Two with Mesothelioma Respond to New Therapy Combo Using Lurbinectedin

Two with Mesothelioma Respond to New Therapy Combo Using Lurbinectedin

A new mesothelioma treatment based on the marine-derived drug lurbinectedin showed promising results in a preliminary study in two patients who had previously failed to respond to conventional therapy.

The study, “Combination of cisplatin and lurbinectedin as palliative chemotherapy in progressive malignant pleural mesothelioma: Report of two cases,” was recently published in the journal Lung Cancer.

Malignant mesothelioma is an aggressive cancer affecting the lining of the lungs or abdomen. Patients with the disease face poor prognosis, even with multimodal therapy, a treatment approach for mesothelioma (and other cancers) that combines two or more therapies, including chemotherapy, radiation and surgery.

The standard treatment for patients with mesothelioma is based on a chemotherapy combination that includes pemetrexed (Alimta) and the platinum-based drug cisplatin. But while this treatment approach is the current gold standard for mesothelioma, its efficiency is limited: tumors may continue to grow during chemotherapy or resume growth once therapy is over.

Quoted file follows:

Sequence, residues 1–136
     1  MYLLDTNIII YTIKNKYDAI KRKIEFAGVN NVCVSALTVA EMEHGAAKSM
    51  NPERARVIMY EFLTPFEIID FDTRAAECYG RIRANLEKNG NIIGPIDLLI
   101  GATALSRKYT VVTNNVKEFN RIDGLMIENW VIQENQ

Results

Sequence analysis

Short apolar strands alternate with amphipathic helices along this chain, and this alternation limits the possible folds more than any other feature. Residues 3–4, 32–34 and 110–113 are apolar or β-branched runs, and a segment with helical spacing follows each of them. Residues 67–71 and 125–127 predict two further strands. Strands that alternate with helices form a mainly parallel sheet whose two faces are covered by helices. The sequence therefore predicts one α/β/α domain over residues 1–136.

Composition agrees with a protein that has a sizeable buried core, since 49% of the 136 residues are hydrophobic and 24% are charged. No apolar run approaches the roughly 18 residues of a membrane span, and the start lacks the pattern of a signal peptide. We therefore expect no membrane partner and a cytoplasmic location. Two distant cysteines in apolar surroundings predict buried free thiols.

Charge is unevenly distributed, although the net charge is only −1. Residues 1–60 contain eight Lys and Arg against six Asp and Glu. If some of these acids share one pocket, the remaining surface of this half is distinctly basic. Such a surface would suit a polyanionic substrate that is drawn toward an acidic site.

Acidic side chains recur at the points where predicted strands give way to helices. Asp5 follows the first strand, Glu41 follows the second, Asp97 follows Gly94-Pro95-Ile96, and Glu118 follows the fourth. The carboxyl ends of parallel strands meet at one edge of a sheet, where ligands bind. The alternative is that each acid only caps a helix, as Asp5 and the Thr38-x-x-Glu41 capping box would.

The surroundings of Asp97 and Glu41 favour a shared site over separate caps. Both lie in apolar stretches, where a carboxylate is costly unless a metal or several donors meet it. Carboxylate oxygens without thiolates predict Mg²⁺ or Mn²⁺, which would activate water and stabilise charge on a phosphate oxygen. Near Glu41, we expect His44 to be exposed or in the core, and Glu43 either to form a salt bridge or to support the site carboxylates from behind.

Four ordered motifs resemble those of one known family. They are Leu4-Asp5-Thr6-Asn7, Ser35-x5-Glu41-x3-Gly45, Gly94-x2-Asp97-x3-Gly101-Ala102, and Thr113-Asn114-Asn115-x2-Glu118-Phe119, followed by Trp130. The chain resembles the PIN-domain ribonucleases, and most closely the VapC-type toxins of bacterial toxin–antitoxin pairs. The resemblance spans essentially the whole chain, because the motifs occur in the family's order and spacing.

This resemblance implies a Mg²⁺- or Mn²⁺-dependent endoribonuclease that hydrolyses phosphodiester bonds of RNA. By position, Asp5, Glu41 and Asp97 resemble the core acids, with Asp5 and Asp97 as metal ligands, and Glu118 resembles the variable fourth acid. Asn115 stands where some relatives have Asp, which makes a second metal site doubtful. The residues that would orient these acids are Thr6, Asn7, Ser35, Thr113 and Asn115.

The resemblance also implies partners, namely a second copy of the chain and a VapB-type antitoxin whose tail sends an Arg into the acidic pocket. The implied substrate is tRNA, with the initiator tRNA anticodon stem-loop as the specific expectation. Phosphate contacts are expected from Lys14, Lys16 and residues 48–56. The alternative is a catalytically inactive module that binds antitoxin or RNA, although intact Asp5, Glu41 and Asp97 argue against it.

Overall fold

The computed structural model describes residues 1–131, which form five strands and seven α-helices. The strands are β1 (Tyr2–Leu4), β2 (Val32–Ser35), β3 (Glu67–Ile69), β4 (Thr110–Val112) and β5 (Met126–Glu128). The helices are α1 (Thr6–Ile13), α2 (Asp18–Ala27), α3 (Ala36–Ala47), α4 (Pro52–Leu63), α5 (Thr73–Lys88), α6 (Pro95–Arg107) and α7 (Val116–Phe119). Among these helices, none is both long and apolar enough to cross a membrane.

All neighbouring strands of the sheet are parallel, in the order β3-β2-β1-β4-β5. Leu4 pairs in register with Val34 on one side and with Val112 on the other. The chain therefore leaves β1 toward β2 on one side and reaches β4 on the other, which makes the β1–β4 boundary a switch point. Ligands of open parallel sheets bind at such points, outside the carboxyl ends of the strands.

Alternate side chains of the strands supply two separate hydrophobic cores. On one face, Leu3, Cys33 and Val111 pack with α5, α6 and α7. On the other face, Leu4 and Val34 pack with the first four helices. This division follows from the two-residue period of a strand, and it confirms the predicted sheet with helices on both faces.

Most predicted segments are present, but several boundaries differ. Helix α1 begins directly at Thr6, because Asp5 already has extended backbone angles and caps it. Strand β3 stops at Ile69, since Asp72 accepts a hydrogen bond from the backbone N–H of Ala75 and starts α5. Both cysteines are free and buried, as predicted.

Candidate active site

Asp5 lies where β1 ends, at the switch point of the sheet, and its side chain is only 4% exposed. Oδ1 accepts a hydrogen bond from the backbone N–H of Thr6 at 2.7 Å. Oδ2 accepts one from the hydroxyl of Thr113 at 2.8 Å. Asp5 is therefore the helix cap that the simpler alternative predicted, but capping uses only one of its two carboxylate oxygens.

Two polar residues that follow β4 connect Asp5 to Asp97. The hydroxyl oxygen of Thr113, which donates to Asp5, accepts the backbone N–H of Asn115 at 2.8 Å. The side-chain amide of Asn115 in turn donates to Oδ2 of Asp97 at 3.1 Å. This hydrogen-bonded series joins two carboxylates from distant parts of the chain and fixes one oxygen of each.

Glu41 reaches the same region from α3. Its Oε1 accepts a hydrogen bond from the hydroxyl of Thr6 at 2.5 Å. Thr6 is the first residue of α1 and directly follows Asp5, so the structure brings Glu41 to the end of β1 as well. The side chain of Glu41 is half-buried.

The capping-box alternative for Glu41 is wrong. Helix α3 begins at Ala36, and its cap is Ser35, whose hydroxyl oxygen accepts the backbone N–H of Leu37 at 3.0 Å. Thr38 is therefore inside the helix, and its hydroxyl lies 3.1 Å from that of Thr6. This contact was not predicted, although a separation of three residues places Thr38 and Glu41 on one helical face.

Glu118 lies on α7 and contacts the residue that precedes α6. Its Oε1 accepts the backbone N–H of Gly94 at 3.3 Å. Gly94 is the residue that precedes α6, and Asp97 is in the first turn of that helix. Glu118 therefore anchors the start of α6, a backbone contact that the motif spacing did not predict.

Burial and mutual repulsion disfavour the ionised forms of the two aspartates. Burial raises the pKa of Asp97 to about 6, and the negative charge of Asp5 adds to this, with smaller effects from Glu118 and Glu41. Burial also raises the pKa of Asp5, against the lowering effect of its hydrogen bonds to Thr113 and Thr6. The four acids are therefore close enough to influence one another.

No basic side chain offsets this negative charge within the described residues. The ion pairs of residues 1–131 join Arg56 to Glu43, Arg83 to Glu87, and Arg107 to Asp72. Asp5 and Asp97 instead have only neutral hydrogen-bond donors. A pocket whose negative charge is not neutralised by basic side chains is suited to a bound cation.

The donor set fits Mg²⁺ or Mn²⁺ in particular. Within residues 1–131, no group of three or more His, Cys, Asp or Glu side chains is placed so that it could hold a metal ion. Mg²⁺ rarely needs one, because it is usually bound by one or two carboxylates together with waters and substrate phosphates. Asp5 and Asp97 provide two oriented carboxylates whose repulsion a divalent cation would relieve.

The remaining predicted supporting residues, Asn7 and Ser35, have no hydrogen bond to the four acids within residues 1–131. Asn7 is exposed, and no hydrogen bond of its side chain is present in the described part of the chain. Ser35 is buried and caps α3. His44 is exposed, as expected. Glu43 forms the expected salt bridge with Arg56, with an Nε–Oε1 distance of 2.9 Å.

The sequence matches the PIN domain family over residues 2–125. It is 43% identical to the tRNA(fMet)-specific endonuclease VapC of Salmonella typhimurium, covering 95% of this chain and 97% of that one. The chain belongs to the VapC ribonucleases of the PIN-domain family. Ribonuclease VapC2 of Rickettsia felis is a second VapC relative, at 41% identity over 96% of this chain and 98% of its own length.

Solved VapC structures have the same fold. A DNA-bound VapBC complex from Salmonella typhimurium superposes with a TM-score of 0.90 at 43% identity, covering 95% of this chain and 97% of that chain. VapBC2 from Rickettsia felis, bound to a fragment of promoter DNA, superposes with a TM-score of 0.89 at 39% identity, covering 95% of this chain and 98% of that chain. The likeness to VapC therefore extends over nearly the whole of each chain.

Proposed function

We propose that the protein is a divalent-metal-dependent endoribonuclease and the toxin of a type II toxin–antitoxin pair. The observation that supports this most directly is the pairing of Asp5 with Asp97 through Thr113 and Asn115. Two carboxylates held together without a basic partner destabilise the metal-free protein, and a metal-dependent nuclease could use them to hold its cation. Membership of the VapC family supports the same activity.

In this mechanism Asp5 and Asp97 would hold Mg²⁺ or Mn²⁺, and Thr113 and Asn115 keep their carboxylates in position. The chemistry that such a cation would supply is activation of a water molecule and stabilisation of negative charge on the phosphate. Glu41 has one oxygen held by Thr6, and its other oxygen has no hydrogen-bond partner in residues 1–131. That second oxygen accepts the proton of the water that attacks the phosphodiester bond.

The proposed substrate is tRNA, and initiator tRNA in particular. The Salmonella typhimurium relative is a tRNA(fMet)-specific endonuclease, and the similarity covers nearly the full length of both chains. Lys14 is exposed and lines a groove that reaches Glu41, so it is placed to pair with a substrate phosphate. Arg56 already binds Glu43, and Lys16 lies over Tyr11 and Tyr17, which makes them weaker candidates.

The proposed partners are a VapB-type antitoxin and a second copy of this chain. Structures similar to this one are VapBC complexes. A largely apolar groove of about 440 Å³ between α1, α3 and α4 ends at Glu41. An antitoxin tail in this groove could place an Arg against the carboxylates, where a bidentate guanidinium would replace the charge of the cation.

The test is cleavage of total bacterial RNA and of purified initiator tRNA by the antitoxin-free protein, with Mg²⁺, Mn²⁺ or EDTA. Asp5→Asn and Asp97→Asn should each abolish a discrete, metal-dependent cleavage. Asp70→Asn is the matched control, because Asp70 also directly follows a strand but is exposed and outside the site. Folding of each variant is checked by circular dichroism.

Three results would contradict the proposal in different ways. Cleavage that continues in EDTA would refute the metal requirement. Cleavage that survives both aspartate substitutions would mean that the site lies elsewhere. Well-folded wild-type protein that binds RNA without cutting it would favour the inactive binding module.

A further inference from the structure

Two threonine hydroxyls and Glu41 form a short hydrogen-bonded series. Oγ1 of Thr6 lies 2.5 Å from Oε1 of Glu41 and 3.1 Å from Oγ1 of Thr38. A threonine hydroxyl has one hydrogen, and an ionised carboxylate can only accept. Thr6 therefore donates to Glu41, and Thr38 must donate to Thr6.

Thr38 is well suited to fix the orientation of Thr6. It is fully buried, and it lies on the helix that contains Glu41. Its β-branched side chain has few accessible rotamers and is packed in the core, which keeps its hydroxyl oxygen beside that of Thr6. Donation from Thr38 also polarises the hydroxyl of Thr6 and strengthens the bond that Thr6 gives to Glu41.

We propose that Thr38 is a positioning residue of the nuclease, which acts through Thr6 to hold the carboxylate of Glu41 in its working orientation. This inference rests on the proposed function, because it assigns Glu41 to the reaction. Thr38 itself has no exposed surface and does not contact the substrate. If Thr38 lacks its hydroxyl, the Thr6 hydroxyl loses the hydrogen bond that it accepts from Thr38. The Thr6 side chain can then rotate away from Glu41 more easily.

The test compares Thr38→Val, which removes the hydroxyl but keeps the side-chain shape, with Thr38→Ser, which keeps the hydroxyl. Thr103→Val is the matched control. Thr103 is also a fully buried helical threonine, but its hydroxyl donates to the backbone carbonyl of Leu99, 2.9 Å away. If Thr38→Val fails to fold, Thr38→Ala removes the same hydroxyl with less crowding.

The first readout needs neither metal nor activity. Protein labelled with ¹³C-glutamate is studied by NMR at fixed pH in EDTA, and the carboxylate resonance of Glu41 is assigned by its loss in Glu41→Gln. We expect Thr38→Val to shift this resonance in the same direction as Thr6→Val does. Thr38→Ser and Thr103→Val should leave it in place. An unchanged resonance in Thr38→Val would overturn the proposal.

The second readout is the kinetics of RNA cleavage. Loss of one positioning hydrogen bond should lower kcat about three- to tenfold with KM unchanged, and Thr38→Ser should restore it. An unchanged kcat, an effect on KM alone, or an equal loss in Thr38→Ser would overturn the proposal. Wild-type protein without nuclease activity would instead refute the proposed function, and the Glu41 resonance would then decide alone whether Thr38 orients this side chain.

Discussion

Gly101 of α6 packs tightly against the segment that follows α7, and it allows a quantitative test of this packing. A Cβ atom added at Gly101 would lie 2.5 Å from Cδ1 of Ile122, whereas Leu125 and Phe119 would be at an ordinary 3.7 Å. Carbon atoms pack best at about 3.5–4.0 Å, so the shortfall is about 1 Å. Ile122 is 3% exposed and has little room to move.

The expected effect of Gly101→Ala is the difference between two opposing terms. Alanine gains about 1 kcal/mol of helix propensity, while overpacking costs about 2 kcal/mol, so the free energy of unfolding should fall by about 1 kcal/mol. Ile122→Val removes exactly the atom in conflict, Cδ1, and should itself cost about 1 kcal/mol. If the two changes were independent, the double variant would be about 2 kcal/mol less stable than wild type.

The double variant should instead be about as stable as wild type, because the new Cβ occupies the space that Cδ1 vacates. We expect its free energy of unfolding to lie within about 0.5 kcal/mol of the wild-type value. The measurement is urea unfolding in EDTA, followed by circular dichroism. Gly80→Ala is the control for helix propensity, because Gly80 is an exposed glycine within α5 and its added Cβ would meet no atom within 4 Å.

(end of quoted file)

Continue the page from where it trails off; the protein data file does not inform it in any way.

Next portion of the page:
In the study, researchers at Kantonsspital Graubunden in Chur, Switzerland, reported two cases of patients with pleural mesothelioma whose tumors became smaller after being treated with the new drug combination.

Lurbinectedin is an analog of the already approved drug trabectedin, derived from the Caribbean sack-like sea squirt that lives on the sea floor, which is used in treatments for ovarian cancer in Europe and Japan. An analog is a drug that has a chemical structure similar to the approved original drug, and is designed to mimic its pharmacological effects.

The two study patients failed previous treatments with standard chemotherapy. Researchers combined lurbinectedin with cisplatin, a chemotherapy used to treat different types of cancer.

“The combination showed promising activity in both cases with manageable toxicity,” said the study’s lead author, Yannis Metaxas, in a press release.

Results suggest that a lurbinectedin drug combination could be a potential new therapy for mesothelioma patients who fail to respond to current therapies.

“This study should be of interest to mesothelioma patients and families because we know that, unfortunately, many of them will eventually be looking for a second-line mesothelioma treatment,” said Alex Strauss, of Surviving Mesothelioma.


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Patricia holds her Ph.D. in Cell Biology from University Nova de Lisboa, and has served as an author on several research projects and fellowships, as well as major grant applications for European Agencies. She also served as a PhD student research assistant in the Laboratory of Doctor David A. Fidock, Department of Microbiology & Immunology, Columbia University, New York.

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